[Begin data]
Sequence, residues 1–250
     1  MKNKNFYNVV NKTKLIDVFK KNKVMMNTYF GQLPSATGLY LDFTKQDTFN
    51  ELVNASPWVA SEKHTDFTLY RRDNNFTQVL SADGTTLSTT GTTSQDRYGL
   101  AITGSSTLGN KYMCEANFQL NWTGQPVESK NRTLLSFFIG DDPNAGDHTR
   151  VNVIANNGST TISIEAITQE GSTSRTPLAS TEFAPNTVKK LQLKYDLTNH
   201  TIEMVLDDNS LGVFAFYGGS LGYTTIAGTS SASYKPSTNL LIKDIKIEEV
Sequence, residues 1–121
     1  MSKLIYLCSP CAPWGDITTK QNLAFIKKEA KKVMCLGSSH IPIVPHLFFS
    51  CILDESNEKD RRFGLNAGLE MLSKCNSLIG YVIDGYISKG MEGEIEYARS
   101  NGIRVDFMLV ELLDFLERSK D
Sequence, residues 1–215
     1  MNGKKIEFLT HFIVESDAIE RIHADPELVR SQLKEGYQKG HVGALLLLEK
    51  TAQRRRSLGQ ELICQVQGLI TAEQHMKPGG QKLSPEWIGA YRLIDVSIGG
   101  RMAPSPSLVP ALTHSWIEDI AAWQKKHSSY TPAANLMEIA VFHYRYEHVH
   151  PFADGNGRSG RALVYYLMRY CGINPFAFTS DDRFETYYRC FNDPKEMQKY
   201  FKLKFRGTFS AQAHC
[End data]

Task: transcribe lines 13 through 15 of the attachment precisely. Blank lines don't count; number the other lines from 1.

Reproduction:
    51  TAQRRRSLGQ ELICQVQGLI TAEQHMKPGG QKLSPEWIGA YRLIDVSIGG
   101  RMAPSPSLVP ALTHSWIEDI AAWQKKHSSY TPAANLMEIA VFHYRYEHVH
   151  PFADGNGRSG RALVYYLMRY CGINPFAFTS DDRFETYYRC FNDPKEMQKY